Many people alive today do not know what it is like to live through inflation of any significance. The last time the United States experienced inflation on a major scale was in the 1970’s. Recently, the Great Recession brought on deflationary pressures. Those pressures have started to subside, while inflationary pressures are on the rise. Here are a few of the major inflationary pressures we see today:
- Baby boomers retiring: An estimated 10,000 people a day are signing up for Social Security and Medicare. We still have 12+ years until the last of the Baby Boomers retire. Likely, our $20 trillion debt will only be increasing in the years ahead.
- Trump’s America First agenda: Part of the reason inflation has been benign since the 70’s is the growth of global trade. Americans have been able to buy cheap goods from overseas. Trump wants to increase our exports. That means a lower US dollar versus other currencies and higher prices for goods.
- Central Banks debasing the value of money: German, Italian and Spanish two-year bonds have negative interest rates. The impact of negative interest rates means you pay the lender for the pleasure of owning their bonds. In the United States, Janet Yellen told us years ago that full employment was 6% and, at that time, interest rates should be normal. We reached that 6% threshold in September of 2014! Today, unemployment is 4.4% and short-term interest rates, according to the Taylor rule, should be above 3½%. The Federal Reserve (the “Fed”) is way behind the curve in raising interest rates.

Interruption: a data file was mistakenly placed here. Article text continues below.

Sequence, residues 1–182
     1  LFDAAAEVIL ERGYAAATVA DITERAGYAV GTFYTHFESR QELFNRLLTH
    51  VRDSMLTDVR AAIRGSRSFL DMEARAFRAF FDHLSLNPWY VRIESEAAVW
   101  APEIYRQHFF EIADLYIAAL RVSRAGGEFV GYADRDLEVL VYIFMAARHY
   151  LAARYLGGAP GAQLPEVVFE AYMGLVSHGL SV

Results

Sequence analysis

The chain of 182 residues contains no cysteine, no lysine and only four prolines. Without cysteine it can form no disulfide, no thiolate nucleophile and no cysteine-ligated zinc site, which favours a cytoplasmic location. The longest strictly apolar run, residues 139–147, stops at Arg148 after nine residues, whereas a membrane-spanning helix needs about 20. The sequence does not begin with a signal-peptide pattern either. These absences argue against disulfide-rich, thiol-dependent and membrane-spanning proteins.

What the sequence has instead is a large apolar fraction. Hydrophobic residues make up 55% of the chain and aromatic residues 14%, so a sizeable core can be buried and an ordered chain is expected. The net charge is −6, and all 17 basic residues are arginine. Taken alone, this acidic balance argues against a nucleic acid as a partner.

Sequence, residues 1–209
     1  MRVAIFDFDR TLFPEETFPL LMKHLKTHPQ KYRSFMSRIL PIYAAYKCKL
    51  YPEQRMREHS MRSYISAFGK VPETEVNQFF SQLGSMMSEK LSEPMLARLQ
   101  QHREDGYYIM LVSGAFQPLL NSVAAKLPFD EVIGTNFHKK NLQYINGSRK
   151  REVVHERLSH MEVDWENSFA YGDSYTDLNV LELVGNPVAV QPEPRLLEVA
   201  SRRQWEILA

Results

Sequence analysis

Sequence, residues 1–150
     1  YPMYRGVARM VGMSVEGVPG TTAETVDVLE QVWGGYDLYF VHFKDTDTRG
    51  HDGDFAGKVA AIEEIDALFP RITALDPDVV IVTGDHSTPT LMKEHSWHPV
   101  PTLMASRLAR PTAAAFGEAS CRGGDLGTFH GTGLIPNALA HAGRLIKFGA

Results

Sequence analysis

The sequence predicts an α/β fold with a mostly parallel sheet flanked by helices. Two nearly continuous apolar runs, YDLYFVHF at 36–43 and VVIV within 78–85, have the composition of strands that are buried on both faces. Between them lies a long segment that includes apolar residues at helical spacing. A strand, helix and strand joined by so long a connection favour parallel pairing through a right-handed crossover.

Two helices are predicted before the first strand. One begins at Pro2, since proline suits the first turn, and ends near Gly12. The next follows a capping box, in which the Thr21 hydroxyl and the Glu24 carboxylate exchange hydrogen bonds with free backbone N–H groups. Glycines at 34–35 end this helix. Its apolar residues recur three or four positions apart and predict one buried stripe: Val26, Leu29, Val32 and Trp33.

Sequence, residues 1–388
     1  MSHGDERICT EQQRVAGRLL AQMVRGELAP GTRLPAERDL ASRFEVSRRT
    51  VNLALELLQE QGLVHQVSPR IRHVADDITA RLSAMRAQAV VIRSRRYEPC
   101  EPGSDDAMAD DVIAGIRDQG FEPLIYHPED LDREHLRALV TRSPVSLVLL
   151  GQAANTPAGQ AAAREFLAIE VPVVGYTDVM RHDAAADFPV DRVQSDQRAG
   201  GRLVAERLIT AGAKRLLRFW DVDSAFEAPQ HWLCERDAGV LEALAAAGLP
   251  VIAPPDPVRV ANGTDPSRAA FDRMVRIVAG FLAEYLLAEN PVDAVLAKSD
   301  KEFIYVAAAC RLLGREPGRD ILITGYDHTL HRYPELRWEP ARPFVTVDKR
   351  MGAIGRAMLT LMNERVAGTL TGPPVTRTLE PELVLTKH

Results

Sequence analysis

- Employee cost pressures: Feedback from our small business owner clients have highlighted the fact that employers are paying higher wages to employees. As the workforce pool narrows, wage pressures increase. Wages, on average, represent more than 60% of the cost of an item. Higher labor costs = higher inflation.
The problem with cost push inflation is that the trend starts out gradually and then spikes quickly if the Fed is too slow in its attempts to control inflation. Will we see this effect in a month, three months or a year? Nobody knows. Inflation is like a pressure cooker that will explode if the pressure is not released (i.e., raising interest rates before inflation gets out of control). The last time the Fed was behind the curve was in the mid-70’s. That is why it had to take dramatic measures (mortgage rates above 20%) in the early 80’s to quash inflation. We don’t believe future inflation pressure will be as bad as the 70’s, but the longer the Fed takes to normalize interest rates, the higher it will have to raise them to control inflation.
The best way to protect the value of a portfolio against inflation is to have a portion of the portfolio invested in “real assets”. When you have an inflationary environment, real assets (commodities, precious metals, real estate, etc.) tend to perform well while financial assets tend to do poorly. Below is a chart showing how real assets have performed relative to financial assets dating back to 1925. During the inflationary times of the 40’s and 70’s, real assets performed much better than financial assets. In today’s environment, real assets are the cheapest they have ever been compared to financial assets. Given this, it is our opinion that investors should get “real” with a portion of their investment portfolio.